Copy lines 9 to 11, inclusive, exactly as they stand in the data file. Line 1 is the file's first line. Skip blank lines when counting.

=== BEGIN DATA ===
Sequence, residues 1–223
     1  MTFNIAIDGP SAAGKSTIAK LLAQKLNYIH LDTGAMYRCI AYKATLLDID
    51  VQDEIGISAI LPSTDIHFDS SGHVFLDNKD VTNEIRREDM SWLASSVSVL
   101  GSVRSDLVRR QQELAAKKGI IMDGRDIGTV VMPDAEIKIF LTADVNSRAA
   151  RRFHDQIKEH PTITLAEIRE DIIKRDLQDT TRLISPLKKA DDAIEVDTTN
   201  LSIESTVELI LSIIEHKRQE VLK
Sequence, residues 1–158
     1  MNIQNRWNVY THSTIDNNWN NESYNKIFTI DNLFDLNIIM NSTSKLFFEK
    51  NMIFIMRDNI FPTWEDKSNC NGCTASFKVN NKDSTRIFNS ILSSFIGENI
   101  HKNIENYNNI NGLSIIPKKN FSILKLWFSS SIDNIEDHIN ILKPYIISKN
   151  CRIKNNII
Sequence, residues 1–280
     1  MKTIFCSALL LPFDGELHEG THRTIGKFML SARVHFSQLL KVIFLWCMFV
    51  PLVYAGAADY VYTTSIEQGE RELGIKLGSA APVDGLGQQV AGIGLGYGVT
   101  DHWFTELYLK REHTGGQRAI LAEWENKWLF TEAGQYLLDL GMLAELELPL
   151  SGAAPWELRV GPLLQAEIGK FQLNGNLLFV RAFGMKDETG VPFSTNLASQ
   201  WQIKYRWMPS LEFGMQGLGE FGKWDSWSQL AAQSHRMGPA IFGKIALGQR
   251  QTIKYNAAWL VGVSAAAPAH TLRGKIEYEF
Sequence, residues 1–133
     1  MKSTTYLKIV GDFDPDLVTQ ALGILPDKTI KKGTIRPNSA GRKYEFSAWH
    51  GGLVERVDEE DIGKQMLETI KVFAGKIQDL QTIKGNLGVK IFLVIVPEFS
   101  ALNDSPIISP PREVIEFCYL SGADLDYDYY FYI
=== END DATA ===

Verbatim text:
    51  NMIFIMRDNI FPTWEDKSNC NGCTASFKVN NKDSTRIFNS ILSSFIGENI
   101  HKNIENYNNI NGLSIIPKKN FSILKLWFSS SIDNIEDHIN ILKPYIISKN
   151  CRIKNNII